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Robert L. Stanton

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Robert L. Stanton
President of Miami University
In office
Preceded byJohn W. Hall
Succeeded byAndrew Dousa Hepburn
Moderator of the 78th General Assembly of the Presbyterian Church in the U.S.
In office
Preceded byJohn Cameron Lowrie
Succeeded byPhineas Densmore Gurley
President of Oakland College
In office
Preceded byJeremiah Chamberlain
Succeeded byJames Purviance
Personal details
Robert Lodowick Stanton

(1810-03-28)March 28, 1810
Preston, Connecticut, U.S.
DiedMay 23, 1885(1885-05-23) (aged 75)
Aboard Nevada
RelativesHenry B. Stanton (brother)
Elizabeth C. Stanton (sister-in-law)
EducationLane Seminary
Princeton University
OccupationTheologian, educator

Robert Lodowick Stanton[a] D.D. (March 28, 1810 – May 23, 1885) was an American Presbyterian minister, educator and college administrator. He served as president of Miami University of Ohio from 1868 to 1871. He also served as president of Oakland College in Mississippi.

Early life

Robert Lodowick Stanton was born on March 28, 1810, in Preston, Connecticut, the son of Joseph Stanton (1780–1828) and Susan M. (née Brewster) Stanton (1781–1853).[2] His father manufactured woolen goods and traded with the West Indies.[3] Robert's older brother was Henry Brewster Stanton, who became a journalist and abolitionist, publishing widely in New York and abolitionist newspapers, and lecturing on the abolitionist circuit.[4] Henry married Elizabeth Cady, who became a leader on issues of temperance, women's rights and suffrage, as well as abolition.[5]

Robert Stanton studied at the Oneida Institute in Whitesboro, New York, which he left with the so-called Lane Rebels for the Lane Theological Seminary in Cincinnati, Ohio, from which he graduated. He earned his D.D. degree from Princeton University.


He was ordained in 1839 by the Mississippi Presbytery,[1] and became the pastor of churches in Mississippi, Louisiana, and Ohio. He served as the second president of Oakland College in Lorman, Mississippi from 1851 to 1854; it was affiliated with the Presbyterian Church.[6]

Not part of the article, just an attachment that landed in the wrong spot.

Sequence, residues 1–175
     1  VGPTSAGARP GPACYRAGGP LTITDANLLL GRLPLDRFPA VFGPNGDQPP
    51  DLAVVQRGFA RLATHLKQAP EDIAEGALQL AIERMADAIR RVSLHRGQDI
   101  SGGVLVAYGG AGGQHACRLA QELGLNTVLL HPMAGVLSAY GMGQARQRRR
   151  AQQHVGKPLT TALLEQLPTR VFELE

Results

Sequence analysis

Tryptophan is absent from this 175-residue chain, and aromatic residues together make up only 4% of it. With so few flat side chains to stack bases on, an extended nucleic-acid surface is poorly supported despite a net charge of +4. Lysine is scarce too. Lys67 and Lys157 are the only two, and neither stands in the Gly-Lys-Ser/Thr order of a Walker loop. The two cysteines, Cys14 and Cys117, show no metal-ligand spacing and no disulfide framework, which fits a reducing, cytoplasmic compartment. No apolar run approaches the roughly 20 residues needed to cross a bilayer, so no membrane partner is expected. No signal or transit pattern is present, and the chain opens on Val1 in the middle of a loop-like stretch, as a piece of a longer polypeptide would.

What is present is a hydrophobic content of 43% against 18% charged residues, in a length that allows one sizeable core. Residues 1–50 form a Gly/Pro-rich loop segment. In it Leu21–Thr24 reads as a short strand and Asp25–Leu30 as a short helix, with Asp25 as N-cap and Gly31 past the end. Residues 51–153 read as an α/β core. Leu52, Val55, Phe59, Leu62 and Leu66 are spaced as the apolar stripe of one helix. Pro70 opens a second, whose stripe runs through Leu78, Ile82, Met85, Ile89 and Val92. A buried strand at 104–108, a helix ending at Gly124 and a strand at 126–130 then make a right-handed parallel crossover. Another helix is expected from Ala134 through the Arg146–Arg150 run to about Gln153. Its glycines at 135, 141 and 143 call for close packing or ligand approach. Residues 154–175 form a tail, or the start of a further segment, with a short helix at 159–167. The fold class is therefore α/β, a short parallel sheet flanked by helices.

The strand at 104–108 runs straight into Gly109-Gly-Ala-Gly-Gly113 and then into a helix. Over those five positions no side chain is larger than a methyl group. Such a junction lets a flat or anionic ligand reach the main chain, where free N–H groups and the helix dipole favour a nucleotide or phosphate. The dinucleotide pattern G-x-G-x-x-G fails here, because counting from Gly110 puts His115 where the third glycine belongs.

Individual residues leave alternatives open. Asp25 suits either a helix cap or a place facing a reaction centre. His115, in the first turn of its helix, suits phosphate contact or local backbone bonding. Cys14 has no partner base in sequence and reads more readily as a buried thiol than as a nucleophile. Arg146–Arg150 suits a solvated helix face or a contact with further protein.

He was Professor of Theology at Danville Theological Seminary in Kentucky from 1862 to 1866. From 1866 until 1871, he served as president of Miami University of Ohio. He was moderator of the general assembly of the Presbyterian Church from 1866 to 1867.[7][8]


Stanton, who was a widower with one son, died aboard the steamship Nevada en route to London and was buried at sea on May 28, 1885, at the age of seventy-five.[1] At the time of his death, his residence was 2727 N Street Northwest, Washington, D.C.[9]


  • Stanton Hall on the Miami University campus is named in his honor.[10]


  1. ^ According to his obituary in The Indianapolis News, his full name was Robert Livingston Stanton.[1]
  1. ^ a b c "Rev. Robert L. Stanton, D. D." The Indianapolis News. 30 May 1885. Retrieved 12 March 2019.
  2. ^ Wheeler, Richard Anson (1900). History of the Town of Stonington, County of New London, Connecticut: From Its First Settlement in 1649 to 1900. Press of the Day Publishing Company. p. 593. Retrieved 12 March 2019.
  3. ^ Wilson, J. G.; Fiske, J., eds. (1900). "Stanton, Henry Brewster" . Appletons' Cyclopædia of American Biography. New York: D. Appleton.
  4. ^ Stanton, William Alonzo (1891). A Record, Genealogical, Biographical, Statistical, of Thomas Stanton, of His Descendants: 1635-1891. J. Munsell's Sons. p. 458. Retrieved 12 March 2019.
  5. ^ Gordon, Ann D. (2013). The Selected Papers of Elizabeth Cady Stanton and Susan B. Anthony: An Awful Hush, 1895 to 1906. Rutgers University Press. p. 502. ISBN 9780813553450. Retrieved 12 March 2019.
  6. ^ Biographical and Historical Memoirs of Mississippi: Volume II, Part II. Gretna, Louisiana: Pelican Publishing. 1999. p. 310. ISBN 9781455601196. Retrieved 12 March 2019.
  7. ^ Wallace, B. J.; Barnes, Albert (1862). The Presbyterian Quarterly Review. p. 108. Retrieved 12 March 2019.
  8. ^ Journal of Presbyterian History. Presbyterian Historical Society. 2003. p. 42. Retrieved 12 March 2019.
  9. ^ "LATEST FOREIGN NEWS. A CLERGYMAN'S DEATH AT SEA. NEGLECTING PHYSIC FOR HIS FAITH". The Baltimore Sun. 30 May 1885. Retrieved 12 March 2019.
  10. ^ "South Quad | Campus Services Center | Campus Services - Miami University". Miami University. Retrieved 12 March 2019.
Academic offices
Preceded by
John W. Hall
President of Miami University
Succeeded by
Andrew Dousa Hepburn
Preceded by
Jeremiah Chamberlain
President of Oakland College
Succeeded by
James Purviance
Religious titles
Preceded by
The Rev. John Cameron Lowrie
Moderator of the 78th General Assembly
of the U.S. Presbyterian Church

Succeeded by
The Rev. Phineas Densmore Gurley

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Robert L. Stanton
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